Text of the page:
Johnna Gherardini, the medical centre’s executive director, said that Cheng, who was not a church member, had picked up his mother from her home at Laguna Woods Village and taken her to church Sunday. Raised in Texas, the physician was not religious and did not have strong political views about China, but was there in solidarity with his mother, who was mourning the recent death of his father, she said.
Cheng, who is survived by his wife and two teenage children, was also an accomplished master martial arts instructor.
“He was there for a reason,” Gherardini said.
The shooter had secured the church doors with chains and had attempted to disable the locks with glue, the sheriff said, adding that he also tried to nail one of the building’s doors shut. Bags filled with magazines of ammunition, as well as several incendiary devices, were found on the church grounds, Barnes said.
The sheriff said Chou had lived in the United States for many years but also resided in Taiwan at some point. “I believe his hatred of Taiwan manifested when he was residing there in previous years, possibly in his youth,” Barnes said. “He was not well received while living there, according to what we believe we’ve collected so far.”
It is not clear when Chou lived in Taiwan. About 70 years ago, 1 million or so Chinese retreated there with the Nationalists during the Chinese civil war against the communists. They encountered residents on the island who had been there for centuries, many of whom spoke a different dialect. In recent decades, some mainland Chinese have also moved to Taiwan to work and study.
The sheriff also referred to “China and Taiwan tensions that are current.” Beijing has long claimed Taiwan, a self-governed democratic island, as its own territory, and has threatened to absorb it using force if it deems necessary.
Sam Huang, a member of the Taiwanese community in Laguna Woods, said, however, that the diverse area’s well-established Chinese and Taiwanese communities exhibited few tensions. He is a member of the congregation but did not attend church Sunday.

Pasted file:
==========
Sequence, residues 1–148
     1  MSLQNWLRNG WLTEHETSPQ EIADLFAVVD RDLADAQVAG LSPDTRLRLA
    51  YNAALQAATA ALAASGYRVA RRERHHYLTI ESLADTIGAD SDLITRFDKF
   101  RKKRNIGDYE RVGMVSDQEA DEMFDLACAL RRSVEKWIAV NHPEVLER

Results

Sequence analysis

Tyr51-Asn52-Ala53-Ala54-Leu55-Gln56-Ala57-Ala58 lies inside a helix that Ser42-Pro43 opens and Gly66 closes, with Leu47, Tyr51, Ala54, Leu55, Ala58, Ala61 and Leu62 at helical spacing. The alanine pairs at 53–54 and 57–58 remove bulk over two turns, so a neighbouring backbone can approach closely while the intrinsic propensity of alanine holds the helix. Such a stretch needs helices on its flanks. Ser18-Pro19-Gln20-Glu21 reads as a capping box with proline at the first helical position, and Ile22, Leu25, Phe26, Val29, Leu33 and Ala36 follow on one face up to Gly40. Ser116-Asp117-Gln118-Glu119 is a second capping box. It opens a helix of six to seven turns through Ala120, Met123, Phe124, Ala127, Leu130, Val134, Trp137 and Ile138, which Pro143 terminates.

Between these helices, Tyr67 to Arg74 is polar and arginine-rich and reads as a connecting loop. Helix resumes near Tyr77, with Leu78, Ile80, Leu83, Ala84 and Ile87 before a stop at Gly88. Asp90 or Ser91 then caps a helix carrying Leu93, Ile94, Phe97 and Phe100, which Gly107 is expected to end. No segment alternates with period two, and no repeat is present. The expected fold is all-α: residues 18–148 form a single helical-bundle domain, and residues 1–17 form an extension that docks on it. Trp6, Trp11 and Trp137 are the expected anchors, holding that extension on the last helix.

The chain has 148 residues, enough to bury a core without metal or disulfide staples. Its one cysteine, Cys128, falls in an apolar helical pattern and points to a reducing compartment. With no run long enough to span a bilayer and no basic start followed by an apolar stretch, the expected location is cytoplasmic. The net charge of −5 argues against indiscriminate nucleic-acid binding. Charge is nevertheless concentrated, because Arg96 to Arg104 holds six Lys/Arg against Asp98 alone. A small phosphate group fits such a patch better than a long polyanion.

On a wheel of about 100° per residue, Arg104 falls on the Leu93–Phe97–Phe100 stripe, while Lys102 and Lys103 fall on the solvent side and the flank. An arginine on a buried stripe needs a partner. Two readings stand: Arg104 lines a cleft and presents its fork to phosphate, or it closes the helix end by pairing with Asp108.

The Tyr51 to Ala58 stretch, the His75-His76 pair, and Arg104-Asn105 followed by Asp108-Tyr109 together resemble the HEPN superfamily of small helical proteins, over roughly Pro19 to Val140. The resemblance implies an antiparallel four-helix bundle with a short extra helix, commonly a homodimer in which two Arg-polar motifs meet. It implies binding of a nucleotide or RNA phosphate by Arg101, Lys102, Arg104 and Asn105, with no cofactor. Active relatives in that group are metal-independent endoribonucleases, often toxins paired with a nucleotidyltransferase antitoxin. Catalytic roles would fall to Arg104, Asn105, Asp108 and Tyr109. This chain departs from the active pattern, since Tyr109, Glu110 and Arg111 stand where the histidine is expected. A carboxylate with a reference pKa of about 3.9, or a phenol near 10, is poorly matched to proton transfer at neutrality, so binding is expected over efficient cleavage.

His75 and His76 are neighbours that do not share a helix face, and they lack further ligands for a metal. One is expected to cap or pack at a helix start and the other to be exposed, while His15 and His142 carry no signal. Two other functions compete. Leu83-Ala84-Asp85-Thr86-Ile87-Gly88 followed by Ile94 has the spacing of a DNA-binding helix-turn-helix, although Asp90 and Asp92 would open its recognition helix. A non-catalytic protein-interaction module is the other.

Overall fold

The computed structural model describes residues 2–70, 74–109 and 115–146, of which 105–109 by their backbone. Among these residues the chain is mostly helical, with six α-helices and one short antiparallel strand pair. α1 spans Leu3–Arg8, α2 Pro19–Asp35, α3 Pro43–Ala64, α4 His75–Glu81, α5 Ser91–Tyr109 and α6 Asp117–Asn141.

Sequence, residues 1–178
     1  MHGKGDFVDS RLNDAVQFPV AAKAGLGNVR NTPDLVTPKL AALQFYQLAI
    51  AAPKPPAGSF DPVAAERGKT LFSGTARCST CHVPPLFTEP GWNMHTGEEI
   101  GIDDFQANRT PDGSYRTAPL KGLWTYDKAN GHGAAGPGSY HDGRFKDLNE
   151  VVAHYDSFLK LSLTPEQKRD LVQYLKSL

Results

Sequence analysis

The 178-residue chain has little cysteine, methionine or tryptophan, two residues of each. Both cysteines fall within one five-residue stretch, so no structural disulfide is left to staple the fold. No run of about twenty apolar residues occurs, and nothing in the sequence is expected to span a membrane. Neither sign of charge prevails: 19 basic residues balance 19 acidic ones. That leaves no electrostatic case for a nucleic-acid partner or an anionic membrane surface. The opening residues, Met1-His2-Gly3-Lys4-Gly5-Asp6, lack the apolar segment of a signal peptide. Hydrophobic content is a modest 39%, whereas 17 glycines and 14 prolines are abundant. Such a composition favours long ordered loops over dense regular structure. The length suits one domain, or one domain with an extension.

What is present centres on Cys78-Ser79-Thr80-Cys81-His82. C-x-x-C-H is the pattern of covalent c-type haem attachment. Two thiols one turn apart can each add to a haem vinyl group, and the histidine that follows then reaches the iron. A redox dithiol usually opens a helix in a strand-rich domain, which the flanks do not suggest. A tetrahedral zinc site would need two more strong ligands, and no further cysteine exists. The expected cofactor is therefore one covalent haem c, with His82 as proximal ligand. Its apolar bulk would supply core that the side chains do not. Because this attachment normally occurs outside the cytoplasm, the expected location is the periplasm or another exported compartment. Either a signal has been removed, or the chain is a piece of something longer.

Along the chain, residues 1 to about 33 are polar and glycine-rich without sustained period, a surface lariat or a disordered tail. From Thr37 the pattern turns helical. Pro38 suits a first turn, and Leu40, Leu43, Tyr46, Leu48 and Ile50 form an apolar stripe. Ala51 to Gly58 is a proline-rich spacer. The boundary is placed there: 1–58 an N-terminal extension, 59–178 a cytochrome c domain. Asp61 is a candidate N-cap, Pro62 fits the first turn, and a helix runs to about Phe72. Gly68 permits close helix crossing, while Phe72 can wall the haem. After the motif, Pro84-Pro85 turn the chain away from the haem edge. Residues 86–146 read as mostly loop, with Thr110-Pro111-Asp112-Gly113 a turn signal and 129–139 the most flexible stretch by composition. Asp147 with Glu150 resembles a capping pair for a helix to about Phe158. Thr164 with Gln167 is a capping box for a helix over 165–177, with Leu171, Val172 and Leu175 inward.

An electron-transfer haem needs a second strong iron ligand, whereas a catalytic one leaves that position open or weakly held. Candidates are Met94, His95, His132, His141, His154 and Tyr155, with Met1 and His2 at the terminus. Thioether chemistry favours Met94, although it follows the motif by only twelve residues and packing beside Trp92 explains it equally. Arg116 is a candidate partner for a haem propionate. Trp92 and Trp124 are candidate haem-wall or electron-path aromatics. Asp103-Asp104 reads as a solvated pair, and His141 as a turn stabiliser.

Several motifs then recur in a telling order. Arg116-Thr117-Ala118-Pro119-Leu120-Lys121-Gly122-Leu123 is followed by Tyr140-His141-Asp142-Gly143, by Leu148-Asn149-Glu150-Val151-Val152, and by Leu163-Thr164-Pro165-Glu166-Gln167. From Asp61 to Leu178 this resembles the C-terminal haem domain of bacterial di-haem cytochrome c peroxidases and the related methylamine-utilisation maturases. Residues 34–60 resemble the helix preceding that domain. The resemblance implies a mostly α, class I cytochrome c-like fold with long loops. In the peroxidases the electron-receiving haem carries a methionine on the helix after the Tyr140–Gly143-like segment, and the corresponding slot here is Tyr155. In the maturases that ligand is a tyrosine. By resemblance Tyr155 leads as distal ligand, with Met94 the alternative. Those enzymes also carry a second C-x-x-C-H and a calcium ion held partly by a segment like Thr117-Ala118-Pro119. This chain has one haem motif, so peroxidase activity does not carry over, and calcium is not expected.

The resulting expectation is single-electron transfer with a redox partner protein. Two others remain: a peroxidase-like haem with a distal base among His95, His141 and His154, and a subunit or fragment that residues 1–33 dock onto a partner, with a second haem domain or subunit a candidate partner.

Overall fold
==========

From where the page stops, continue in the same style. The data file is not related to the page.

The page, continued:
“Typically, we try to be friendly,” Huang said, adding that he occasionally played table tennis, or participated in line dancing at the community centre together with other Chinese residents. He added: “Nobody says you are Chinese, and I’m Taiwanese, so we won’t play with you.”
Wei-Ming Tao, 67, a retiree living in Laguna Woods, confirmed that those in the community generally tried to steer clear of politics of any kind in conversations. But she added that the confluence of the coronavirus, the rise in racist acts against people of Asian descent, and Russia’s war in Ukraine had created a simmering environment that was inescapable, even in an ordinary peaceful haven.
“We don’t need this kind of political agenda,” Tao said. “The hate crimes — we had enough, we don’t need any more.”
In a series of text messages Sunday, the Rev. Albany Lee, the church’s current pastor, said congregants told him that Chang and several other men had pinned the shooter to the ground “before he loaded another round of bullets, thank God.”
The shooting served as another reminder that religious sanctuaries are not immune from the gun violence that has occurred in virtually every public space, from grocery stores to schools. Just 70 miles southeast of Laguna Woods, a man in 2019 killed one woman and injured three people at a synagogue in Poway, a shooting incident that was a hate crime.
The sheriff, meanwhile, called the shooting an example of “the ugliest part” of the divisiveness raging across the country. “At some point we have to put aside our difference,” he said, “and focus on our humanity.”